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Awakenings

Rambert Dance Company (UK)

Choreography: Aletta Collins

Light Design: Yaron Abulafia

Set & Costume Design: Miriam Buether

Original Music: Awakenings by Tobias Picker

Conductor: Paul Hoskins

Photos by © Tony Nandi


World premiere at The Lowry, Salford, The UK - September 2010

Dance

Inspired by Oliver Sacks's Awakenings


In 1918, a mysterious sleeping sickness (a terrifying form of ‘encephalitis lethargica ’) affected five million people worldwide, killing quickly one third of them but thousands lived on, many of them frozen into a kind of human statue. Fifty years later, a young British neurologist in New York called Oliver Sacks encountered a few dozen of these survivors and discovered that doses of an experimental drug (‘L-dopa’) enabled many of them to ‘awaken’ after decades of silent immobility. The patients were catapulted dramatically, if only temporarily, from their long slumber into their own emotionally charged ‘awakenings’ – their story subsequently told in the 1990 film Awakenings starring Robert De Niro and Robin Williams.

 

The dance piece Awakenings is based on the work of Dr. Oliver Sacks and thematically linked to the 1990 film of the same name. Set to a new score by Tobias Picker (himself a former patient of the doctor), the piece picks up on two key themes of Sacks’ work: his therapeutic use of music, to which some patients were highly responsive, and his pioneering use of the drug L-dopa (commonly used by those with Parkinson’s disease to restore movement) resulting in the patients coming out of their motionless state into an awakened one for a limited time.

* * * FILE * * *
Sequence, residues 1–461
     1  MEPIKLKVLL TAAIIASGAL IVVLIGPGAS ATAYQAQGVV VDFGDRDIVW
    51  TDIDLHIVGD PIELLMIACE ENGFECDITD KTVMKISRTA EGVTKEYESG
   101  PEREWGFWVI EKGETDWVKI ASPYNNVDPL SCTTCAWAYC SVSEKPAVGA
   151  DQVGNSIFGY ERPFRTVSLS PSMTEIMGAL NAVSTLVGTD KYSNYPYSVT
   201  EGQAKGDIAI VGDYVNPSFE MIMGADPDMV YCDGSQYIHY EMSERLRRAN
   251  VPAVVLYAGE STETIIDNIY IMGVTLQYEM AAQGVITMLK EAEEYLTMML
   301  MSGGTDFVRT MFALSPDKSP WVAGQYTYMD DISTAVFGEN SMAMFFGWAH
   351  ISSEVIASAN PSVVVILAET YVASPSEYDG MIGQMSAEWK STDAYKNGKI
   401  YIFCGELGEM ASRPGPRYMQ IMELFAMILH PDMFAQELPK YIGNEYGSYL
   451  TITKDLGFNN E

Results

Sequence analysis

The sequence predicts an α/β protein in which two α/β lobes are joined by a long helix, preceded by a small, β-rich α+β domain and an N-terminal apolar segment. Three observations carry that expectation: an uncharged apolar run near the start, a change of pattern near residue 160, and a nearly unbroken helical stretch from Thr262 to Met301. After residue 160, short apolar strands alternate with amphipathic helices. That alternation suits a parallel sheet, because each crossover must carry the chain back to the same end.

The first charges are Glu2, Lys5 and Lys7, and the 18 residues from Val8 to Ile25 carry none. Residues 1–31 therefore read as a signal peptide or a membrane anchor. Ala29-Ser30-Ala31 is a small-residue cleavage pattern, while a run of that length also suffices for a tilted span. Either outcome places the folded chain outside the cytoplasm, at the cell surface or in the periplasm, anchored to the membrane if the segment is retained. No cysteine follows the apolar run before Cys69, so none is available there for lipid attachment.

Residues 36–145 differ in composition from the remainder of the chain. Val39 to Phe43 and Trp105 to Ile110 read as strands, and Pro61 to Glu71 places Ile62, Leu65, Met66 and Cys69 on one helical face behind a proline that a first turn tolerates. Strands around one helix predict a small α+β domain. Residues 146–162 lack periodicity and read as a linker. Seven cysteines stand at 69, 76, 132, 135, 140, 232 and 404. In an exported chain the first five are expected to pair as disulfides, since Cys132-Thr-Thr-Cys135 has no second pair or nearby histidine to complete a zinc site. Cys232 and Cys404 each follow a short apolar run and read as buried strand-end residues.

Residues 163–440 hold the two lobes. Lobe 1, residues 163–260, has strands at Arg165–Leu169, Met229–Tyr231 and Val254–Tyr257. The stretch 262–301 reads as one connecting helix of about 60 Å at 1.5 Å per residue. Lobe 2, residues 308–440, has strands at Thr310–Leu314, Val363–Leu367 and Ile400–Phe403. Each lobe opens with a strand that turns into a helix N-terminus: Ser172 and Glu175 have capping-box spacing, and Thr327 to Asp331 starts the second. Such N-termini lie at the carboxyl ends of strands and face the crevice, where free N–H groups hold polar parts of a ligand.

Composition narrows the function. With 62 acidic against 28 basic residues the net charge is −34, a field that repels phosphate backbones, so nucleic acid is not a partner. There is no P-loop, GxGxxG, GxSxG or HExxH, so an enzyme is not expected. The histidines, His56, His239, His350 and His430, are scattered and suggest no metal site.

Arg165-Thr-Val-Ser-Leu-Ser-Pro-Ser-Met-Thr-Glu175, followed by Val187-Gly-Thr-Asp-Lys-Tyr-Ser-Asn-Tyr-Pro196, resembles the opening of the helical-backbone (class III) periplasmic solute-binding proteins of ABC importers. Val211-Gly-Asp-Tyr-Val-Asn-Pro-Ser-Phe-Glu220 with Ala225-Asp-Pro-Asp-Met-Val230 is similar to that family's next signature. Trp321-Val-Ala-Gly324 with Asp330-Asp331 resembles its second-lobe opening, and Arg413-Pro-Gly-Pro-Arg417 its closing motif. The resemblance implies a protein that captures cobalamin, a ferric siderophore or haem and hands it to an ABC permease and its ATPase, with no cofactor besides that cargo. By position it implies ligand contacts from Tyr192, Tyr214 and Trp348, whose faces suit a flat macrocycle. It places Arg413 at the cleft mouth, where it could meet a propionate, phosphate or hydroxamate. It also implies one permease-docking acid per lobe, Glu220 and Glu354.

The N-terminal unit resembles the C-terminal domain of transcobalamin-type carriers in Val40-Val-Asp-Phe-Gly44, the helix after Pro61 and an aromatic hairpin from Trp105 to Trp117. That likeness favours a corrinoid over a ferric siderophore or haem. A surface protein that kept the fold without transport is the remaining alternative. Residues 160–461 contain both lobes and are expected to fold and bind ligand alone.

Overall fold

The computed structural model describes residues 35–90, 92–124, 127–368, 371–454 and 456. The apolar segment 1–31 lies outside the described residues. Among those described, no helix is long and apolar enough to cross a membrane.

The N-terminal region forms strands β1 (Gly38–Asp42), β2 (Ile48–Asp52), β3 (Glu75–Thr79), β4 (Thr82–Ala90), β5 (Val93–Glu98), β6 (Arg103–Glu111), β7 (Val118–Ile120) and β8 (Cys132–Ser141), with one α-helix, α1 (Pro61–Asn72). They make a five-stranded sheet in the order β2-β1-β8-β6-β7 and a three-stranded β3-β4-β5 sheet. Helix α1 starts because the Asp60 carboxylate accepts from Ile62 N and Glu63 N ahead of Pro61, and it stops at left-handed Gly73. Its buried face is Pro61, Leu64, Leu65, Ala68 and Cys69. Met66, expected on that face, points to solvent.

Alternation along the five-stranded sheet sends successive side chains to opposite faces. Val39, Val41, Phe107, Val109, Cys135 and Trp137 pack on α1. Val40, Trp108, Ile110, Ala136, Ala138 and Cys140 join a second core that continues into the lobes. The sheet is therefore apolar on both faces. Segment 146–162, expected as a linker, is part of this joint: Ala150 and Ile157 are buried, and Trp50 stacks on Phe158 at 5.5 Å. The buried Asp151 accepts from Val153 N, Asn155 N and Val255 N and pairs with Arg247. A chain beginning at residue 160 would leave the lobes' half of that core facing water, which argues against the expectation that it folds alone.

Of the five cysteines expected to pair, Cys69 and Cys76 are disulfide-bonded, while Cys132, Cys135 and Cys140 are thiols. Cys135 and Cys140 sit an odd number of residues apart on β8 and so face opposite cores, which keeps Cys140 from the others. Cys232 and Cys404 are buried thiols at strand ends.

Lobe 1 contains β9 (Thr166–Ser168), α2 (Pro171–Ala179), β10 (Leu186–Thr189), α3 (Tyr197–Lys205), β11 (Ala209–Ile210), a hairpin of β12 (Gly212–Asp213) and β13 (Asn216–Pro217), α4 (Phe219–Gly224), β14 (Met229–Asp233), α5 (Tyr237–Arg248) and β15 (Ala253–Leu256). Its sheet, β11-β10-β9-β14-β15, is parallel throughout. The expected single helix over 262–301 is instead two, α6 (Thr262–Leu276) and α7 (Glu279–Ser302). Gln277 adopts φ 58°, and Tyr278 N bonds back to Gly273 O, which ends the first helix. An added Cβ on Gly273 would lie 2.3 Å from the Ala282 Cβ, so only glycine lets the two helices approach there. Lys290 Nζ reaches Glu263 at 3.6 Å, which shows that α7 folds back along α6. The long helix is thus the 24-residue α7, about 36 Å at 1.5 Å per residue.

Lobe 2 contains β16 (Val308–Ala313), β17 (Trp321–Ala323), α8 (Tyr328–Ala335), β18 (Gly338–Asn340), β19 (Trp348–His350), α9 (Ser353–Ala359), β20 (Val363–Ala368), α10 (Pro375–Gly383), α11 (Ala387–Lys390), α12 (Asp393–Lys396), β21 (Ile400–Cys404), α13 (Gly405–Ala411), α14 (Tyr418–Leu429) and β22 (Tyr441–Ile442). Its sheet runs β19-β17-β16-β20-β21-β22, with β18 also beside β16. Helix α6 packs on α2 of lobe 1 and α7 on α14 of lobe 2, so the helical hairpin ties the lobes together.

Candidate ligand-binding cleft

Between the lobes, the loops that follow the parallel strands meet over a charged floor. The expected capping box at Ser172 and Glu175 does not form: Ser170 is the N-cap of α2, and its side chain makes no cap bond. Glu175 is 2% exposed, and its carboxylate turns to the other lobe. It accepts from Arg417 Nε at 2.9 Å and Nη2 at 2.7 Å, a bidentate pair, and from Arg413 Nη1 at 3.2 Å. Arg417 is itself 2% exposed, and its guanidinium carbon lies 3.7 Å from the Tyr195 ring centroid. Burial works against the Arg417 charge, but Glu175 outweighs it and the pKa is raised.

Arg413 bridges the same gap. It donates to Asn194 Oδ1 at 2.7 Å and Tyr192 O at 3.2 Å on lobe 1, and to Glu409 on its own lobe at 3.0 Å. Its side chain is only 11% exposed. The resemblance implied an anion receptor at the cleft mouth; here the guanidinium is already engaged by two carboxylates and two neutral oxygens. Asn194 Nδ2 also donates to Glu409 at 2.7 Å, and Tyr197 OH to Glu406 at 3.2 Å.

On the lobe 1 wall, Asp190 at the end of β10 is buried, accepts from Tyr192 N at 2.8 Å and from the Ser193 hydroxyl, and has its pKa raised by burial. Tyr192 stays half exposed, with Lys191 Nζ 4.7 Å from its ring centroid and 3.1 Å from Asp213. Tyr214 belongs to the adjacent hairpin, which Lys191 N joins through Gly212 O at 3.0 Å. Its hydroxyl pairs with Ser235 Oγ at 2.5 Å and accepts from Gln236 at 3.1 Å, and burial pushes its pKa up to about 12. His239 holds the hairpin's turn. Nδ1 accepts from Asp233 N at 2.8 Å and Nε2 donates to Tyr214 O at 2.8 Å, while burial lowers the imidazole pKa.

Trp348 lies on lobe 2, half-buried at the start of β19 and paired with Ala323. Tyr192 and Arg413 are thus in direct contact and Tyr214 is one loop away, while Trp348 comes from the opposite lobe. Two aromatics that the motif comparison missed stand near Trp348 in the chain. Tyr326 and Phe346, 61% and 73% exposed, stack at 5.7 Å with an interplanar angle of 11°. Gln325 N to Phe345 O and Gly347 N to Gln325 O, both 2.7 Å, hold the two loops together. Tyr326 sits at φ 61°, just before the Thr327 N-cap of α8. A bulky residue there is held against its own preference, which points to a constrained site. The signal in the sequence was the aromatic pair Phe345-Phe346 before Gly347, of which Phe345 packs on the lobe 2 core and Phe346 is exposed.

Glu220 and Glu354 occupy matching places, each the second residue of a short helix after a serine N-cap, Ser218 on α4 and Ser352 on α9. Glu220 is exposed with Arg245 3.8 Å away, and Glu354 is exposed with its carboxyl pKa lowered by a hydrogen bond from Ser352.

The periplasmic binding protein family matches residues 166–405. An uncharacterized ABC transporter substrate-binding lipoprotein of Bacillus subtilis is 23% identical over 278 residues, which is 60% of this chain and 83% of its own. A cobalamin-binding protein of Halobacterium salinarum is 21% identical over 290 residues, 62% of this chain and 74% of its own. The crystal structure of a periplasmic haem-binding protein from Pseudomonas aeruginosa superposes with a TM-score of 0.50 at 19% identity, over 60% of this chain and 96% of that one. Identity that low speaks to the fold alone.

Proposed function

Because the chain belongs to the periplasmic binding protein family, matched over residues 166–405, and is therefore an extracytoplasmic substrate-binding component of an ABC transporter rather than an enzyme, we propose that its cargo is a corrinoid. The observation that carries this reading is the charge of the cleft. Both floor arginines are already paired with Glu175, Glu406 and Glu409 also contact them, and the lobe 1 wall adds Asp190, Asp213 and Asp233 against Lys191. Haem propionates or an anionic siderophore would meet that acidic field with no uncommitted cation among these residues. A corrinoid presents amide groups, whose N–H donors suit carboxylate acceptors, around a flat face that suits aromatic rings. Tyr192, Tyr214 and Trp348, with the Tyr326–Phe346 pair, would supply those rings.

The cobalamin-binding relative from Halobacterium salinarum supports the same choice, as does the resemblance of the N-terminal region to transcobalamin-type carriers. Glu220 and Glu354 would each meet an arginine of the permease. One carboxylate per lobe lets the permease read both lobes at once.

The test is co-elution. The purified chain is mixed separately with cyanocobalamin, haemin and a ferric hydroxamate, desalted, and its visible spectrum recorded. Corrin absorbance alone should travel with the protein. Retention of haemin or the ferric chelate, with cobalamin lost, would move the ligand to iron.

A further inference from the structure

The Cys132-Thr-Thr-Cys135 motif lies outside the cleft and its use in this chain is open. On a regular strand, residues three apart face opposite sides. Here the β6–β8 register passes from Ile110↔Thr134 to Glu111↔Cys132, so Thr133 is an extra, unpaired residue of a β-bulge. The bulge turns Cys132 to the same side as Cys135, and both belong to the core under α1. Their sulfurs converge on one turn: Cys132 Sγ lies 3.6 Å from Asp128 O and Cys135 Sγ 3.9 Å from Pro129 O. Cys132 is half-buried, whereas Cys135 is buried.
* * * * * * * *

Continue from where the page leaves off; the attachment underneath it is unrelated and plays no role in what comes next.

How can one create a dynamic dance work when sleeping sickness lies at the heart of the story? Oliver Sacks observed that the book is partly about the delight of free and unfettered movement, contrasted with frozenness, the interrupted or distorted tempos that these patients faced. They often moved, in body and mind, too fast or too slow, losing the musicality of normal movement, speech, or even thought. But music and dance were often ways to restore to them a normal, fluid “kinetic melody”, as he called it.